While complying with the Payment Card Industry Data Security Standard (PCI DSS) can be a challenge for any organization, there are specific hurdles to compliance for higher education.
For those not familiar with the standards, PCI DSS is a set of mandatory requirements designed to ensure companies that accept, process, store, or transmit credit card information maintain a secure environment for that information.
The latest update to PCI DSS, version 3.2, adds requirements to strengthen encryption and ensure multi-factor authentication (MFA) is used for all administrative access and remote access to cardholder data. The update is designed to address changes in technology and threats to credit card data. It takes effect February 1, 2018.
PCI Compliance Hurdles for Higher Education
Higher education is unique when it comes to credit card security. If we compare higher education to the foodservice industry, for example, we see that each foodservice chain has only one credit card processing type for its locations.
By contrast, each college or university location, whether the athletics department, dining hall, library, or bookstore, takes credit card payments through a number of different transaction types. This diversity exponentially increases the complexity of PCI DSS compliance.
In addition, colleges and universities stress open networks to encourage the exchange of ideas. Therefore, usability and the ability to collaborate are often prioritized over security. These institutions often chafe under the restrictions required to comply with PCI DSS.
To further complicate matters, higher education institutions are data-rich environments for attackers. The information systems are chock full of valuable information, but they often lack the staff resources and budgets to ensure their security. And their students are attractive targets for hackers because they tend to have poor data security habits.
According to a report by the Digital Citizens Alliance, close to 14 million email addresses and passwords of faculty, staff, students, and alumni were bought and sold on the dark web over an eight-year period.
The responsibility for university security is usually decentralized. Because PCI DSS compliance is mandated through the merchant agreement with the bank, the business unit usually has responsibility for credit card security. However, the IT department is responsible for endpoint and network security. When responsibility is divided, no one is directly responsible and little tends to actually get done.
To comply with PCI DSS, cooperation is needed between IT departments and business offices in higher educational institutions. First of all, the business office needs to take responsibility for credit card security and open communication channels with IT.
Having a common vocabulary is crucial for effective communication. If the business office doesn’t understand what IT is trying to say, they should ask questions. Otherwise, both sides lose when poor communication leads to a data breach.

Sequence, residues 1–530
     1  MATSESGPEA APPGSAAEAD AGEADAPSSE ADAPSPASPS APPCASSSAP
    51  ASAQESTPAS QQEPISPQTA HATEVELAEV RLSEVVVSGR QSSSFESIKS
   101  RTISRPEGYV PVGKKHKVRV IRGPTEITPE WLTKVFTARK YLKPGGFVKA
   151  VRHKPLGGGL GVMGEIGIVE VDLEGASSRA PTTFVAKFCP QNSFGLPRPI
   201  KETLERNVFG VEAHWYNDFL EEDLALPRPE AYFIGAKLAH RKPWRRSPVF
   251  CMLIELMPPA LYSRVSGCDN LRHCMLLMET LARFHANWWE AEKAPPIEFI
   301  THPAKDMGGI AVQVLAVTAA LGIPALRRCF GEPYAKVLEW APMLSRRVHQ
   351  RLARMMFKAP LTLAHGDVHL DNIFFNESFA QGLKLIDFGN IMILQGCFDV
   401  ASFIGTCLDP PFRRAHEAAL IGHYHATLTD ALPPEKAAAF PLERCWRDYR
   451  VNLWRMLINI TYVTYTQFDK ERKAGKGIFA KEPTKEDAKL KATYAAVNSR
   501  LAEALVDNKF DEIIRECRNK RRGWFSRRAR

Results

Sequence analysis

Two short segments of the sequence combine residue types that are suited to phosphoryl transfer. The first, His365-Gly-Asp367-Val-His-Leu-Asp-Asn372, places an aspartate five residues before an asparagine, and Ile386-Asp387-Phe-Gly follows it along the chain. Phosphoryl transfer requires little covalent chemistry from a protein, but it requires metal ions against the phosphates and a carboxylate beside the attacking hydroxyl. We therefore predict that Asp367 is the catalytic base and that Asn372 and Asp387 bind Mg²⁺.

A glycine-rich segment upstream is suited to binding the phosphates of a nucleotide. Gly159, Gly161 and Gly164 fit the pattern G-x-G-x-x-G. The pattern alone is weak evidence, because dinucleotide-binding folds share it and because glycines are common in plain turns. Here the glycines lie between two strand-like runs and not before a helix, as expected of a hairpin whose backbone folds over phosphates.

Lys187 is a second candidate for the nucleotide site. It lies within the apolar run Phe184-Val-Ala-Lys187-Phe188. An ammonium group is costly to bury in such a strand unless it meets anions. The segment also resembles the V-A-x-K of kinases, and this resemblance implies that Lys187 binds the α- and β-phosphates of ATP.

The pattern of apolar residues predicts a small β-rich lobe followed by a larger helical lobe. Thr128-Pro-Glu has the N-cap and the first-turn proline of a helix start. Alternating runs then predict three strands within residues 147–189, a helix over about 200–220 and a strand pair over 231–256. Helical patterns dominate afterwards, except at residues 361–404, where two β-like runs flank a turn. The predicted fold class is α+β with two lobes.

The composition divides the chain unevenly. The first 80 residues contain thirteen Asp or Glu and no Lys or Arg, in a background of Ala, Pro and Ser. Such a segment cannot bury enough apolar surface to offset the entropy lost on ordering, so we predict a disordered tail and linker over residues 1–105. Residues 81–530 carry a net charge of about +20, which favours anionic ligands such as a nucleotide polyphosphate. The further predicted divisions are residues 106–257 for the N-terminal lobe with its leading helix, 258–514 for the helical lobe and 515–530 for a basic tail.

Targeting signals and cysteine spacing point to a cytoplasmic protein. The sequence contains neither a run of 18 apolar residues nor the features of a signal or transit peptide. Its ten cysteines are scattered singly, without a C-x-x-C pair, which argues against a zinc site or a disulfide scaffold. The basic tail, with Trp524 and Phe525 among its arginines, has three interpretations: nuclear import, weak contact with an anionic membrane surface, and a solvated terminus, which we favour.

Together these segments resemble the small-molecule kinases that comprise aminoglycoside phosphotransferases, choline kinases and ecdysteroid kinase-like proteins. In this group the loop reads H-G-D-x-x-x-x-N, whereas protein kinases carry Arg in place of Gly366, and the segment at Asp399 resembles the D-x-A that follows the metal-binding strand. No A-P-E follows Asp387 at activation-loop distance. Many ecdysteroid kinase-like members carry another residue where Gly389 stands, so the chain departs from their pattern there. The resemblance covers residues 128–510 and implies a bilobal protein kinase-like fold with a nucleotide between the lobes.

PCI DSS Compliance Best Practices
With all of these complications, PCI DSS compliance can be challenging for higher education institutions. However, this EdTech article outlines PCI DSS best practices that colleges and universities can follow to get on the right track.
First, colleges and universities should consider outsourcing credit card processing to a third party, while verifying that the third party is PCI DSS compliant.
Second, think about hiring a qualified security assessor who can guide your institution through the steps for compliance. The assessor analyzes current processes, uncovers security gaps, and provides a report and roadmap for PCI compliance.
Third, your institution should train employees in credit card security best practices, such as not sending or accepting credit card data using email, not storing card data in any form for any reason, only allowing authorized employees to access cardholder data, and requiring each user to have a unique user ID with a secure password that is changed regularly.
Technology can help, too. As we’ve seen from the PCI DSS updates, MFA technology can be used to secure access to payment systems and make it easier to control and audit access to systems, applications, folders, and network resources that house credit card information. MFA also adds an additional layer of protection against compromised user accounts that could end up saving your company’s reputation. In addition, strong encryption is essential for credit card data security.
Higher education faces some unique challenges for PCI DSS compliance. The solution for colleges and universities is a combination of security best practices and technology, such as MFA and strong encryption.